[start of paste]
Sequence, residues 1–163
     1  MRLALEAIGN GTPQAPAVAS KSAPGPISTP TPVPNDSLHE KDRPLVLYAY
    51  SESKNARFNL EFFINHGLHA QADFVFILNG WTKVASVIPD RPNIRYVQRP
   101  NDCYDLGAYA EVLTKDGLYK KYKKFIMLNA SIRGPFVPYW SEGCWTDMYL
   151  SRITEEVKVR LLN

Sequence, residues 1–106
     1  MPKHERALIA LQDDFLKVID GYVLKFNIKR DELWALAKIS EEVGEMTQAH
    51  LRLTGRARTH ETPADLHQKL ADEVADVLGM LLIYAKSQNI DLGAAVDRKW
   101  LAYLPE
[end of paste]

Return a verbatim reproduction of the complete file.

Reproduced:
Sequence, residues 1–163
     1  MRLALEAIGN GTPQAPAVAS KSAPGPISTP TPVPNDSLHE KDRPLVLYAY
    51  SESKNARFNL EFFINHGLHA QADFVFILNG WTKVASVIPD RPNIRYVQRP
   101  NDCYDLGAYA EVLTKDGLYK KYKKFIMLNA SIRGPFVPYW SEGCWTDMYL
   151  SRITEEVKVR LLN

Sequence, residues 1–106
     1  MPKHERALIA LQDDFLKVID GYVLKFNIKR DELWALAKIS EEVGEMTQAH
    51  LRLTGRARTH ETPADLHQKL ADEVADVLGM LLIYAKSQNI DLGAAVDRKW
   101  LAYLPE